The Litblog Co-op attention for Triangle has been immensely gratifying; thank you, thank you, to everyone involved. It’s an incredibly heady experience when smart, thoughtful people engage with one of my novels. I’ve been trying to think of some fresh ways to talk about this experience, the feelings of being read and also the feelings that are stirred by being misread.
We who write novels sit alone a great deal. We make it all up. We sit alone for so many hours, working the sentences, conjuring with the sensibilities and the narrative strategies, playing and playing with all the elements as they drive the characters through the events of the novel. We write and write and revise and revise until we have taken it as far as we can take it on our own. If we’re lucky, we work with a good editor. If we’re immensely lucky, we work with a great editor, and in that I am beyond immensely lucky, because John Glusman is my editor. And then we revise and revise some more. Then comes publication. The book is in the world.
Then come the reviews. The wise readings, the ridiculous readings. The misreadings. The scolding, reluctant praise. Razor-sharp mixed reviews, empty-headed raves. Crackpot Amazon “reviews.” In print and online, Triangle has received an extraordinary volume of reviews and response, more than any of my previous books (thanks in part to the ever-expanding world of blogging), from wonderfully astute close readings to disdainful and grotesque dismissals.
I read them all. I am energized by the smart reviews, the reviews that make me feel that the writer really, really got it. I want my readers to be moved, and I want them to be entertained, and when a review makes clear that has happened, it’s a triumph. When I come across a random blog featuring a half-baked and clueless takedown, hostile and semi-literate though it may be, it is both irritating and enervating. And I berate myself for caring. And it’s disappointing. I know that I will never write novels that appeal to all readers, and I know that some very smart readers have valid critical things to say. Those reviews are instructive, they make me think past my reflexive defensiveness and I have respect for them. It’s the really silly ones, and -- dare I say it? -- the dumb ones, that wear me down.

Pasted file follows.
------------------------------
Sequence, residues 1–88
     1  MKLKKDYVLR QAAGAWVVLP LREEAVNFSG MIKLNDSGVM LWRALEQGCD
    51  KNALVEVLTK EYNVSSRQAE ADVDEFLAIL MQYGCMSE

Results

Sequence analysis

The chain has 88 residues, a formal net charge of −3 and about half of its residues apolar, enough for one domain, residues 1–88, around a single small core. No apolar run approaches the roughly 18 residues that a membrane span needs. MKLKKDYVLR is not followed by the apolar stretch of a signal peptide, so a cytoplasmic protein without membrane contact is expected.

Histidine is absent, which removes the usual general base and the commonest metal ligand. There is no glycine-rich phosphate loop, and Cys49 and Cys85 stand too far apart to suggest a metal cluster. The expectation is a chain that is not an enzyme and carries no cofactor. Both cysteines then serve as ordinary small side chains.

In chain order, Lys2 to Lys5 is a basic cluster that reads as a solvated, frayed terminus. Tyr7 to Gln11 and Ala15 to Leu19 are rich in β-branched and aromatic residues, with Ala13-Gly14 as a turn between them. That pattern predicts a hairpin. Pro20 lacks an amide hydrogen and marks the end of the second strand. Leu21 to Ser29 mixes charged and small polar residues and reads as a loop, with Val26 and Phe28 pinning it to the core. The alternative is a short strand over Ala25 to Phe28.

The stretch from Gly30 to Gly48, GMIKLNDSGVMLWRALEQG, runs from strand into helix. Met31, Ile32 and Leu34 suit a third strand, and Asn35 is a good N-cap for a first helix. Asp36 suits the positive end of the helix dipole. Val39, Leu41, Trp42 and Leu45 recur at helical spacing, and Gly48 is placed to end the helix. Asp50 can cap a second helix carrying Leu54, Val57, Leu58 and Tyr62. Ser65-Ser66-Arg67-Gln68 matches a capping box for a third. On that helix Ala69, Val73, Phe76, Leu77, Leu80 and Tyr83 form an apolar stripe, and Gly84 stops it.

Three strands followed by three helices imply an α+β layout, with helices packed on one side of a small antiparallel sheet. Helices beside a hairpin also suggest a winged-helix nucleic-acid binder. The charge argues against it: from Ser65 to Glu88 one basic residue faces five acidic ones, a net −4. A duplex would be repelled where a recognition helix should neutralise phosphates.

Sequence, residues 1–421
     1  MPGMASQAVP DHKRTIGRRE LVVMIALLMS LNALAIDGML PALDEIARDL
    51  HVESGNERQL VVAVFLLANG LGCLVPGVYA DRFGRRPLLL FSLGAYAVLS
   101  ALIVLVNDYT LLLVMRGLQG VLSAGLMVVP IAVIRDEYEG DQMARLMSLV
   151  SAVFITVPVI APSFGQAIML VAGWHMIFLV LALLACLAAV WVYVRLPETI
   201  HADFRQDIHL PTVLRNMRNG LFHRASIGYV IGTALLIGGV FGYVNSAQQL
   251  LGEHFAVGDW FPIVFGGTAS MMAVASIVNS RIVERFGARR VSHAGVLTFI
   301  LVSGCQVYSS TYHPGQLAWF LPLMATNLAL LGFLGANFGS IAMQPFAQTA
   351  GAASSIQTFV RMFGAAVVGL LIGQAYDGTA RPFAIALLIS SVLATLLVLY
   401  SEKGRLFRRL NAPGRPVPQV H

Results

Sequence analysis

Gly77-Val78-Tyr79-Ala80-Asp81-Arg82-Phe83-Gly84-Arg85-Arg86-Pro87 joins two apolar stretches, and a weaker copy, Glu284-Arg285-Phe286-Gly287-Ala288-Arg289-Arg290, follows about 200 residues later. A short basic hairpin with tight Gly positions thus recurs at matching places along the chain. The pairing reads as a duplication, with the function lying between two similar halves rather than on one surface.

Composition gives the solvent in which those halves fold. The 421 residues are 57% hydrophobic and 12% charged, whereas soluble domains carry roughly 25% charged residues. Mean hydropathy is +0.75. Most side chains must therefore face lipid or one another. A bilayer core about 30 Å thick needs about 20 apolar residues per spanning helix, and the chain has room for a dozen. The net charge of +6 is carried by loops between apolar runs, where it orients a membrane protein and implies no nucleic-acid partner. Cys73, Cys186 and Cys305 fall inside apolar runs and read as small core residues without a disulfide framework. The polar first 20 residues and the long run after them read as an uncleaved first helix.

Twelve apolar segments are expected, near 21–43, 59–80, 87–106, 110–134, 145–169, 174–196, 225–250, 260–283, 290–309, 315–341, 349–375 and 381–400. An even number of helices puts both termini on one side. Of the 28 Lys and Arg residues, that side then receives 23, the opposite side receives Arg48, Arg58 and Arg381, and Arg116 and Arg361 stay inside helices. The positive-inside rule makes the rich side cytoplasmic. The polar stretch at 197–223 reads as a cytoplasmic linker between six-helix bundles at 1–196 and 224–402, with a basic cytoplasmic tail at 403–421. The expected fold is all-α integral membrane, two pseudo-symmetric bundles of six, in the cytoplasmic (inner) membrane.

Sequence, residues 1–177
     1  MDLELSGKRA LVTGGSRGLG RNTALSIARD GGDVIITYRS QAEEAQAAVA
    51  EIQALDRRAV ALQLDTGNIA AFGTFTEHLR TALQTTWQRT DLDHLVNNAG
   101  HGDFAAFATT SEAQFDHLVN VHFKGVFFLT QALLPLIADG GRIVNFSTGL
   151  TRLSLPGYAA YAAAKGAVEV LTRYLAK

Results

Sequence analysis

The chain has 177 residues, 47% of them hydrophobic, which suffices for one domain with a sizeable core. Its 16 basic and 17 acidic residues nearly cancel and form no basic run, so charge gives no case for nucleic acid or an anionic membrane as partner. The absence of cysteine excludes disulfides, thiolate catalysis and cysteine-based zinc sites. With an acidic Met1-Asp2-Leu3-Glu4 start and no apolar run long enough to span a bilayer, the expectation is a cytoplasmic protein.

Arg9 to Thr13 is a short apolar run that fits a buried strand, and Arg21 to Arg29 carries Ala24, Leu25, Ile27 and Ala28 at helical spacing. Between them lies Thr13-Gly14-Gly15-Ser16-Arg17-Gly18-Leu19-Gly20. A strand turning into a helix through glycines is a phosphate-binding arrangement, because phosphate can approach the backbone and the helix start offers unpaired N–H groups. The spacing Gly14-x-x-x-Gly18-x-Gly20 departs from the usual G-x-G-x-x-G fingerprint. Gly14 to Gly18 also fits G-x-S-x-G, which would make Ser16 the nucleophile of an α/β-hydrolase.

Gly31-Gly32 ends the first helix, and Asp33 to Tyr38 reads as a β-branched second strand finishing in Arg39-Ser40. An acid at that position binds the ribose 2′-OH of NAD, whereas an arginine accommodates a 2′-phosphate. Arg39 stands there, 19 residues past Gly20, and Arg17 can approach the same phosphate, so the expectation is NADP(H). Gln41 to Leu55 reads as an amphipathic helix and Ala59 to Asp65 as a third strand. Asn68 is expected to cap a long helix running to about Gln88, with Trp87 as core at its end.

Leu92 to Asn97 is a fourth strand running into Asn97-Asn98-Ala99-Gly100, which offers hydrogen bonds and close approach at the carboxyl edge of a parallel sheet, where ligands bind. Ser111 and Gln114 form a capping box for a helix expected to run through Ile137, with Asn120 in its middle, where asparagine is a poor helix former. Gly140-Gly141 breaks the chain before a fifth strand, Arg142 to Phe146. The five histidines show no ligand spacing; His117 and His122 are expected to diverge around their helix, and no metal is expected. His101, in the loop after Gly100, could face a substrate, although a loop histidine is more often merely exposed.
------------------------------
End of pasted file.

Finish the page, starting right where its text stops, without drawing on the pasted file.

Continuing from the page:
For years, certain writers have insisted that they never look at reviews, good or bad. Presumably those same writers these days also never look at websites and blogs. There’s so much more to not read than there used to be. I suppose I admire their discipline and restraint, but I cannot imagine not caring about the world’s response to my work. Even when it makes me want to bang my head on my desk.
All of that said, I have been really blindsided by a certain kind of criticism for Triangle, the criticism specifically leveled at the “unfair” handling of the blinkered, agenda-d hyperfeminist Triangle scholar, Ruth Zion. It’s the damndest thing, seeing blog entries and Amazon reviews that could have been written by Ruth Zion herself. Most recently, a hilariously negative Ruth Zionesque review at Amazon said, “As someone who once did a short stint of historical research into a feminist topic, I winced at the shabby treatment accorded this character by the other characters and the author,” which prompted me to succumb to the temptation of commenting (now that Amazon has added yet another layer of comment opportunity, so the hall of mirrors of consumer product ratings of the reviews can create even more “content” – who are the people “voting” so avidly yes or no on “helpfulness” of reviews?), and I confess that I posted, “Ruth, is that you?”
Even when the negative response to Ruth Zion (she would be self-righteously thrilled to get so much attention) isn’t prompted by identification with her, there has been a pattern of, let’s call it reservation about her, concern that she is too much, unreal, not believable, not like someone you would ever meet, and often this is the sole criticism reserved for the traditional “however” paragraph that usually occurs in the antepenultimate paragraph of a traditional print review that is otherwise a rave. The Ruth Zion criticism has been more than counterbalanced by much Ruth Zion appreciation from all over, which has been immensely gratifying. (My favorite moment at a library event in New Hampshire last month was when a woman whose book group had just discussed Triangle raised her hand during the q and a to say she just wanted to say she loved the way Ruth Zion used the word “irregardless.”)
I am intrigued, however, in a more general way, by the notion that a character in a novel shouldn’t seem too much like a character in a novel. As a self-taught writer who learned by reading, which means that my greatest teachers were probably Edith Wharton (Undine Spragg, anyone?), Philip Roth, Muriel Spark, and Vladimir Nabokov, I know that I have always been especially drawn to the characters who do loom a little large. Isn’t that why we read novels, to encounter people we wouldn’t meet in our ordinary lives? Did this sort of character in fiction go out of fashion and nobody told me? If I had gone to an MFA program, would these new policies on characters in novels, these requirements that all characters must be utterly realistic, devoid of any symptoms of fiction whatsoever, have been spelled out clearly? Anyone want to talk about this?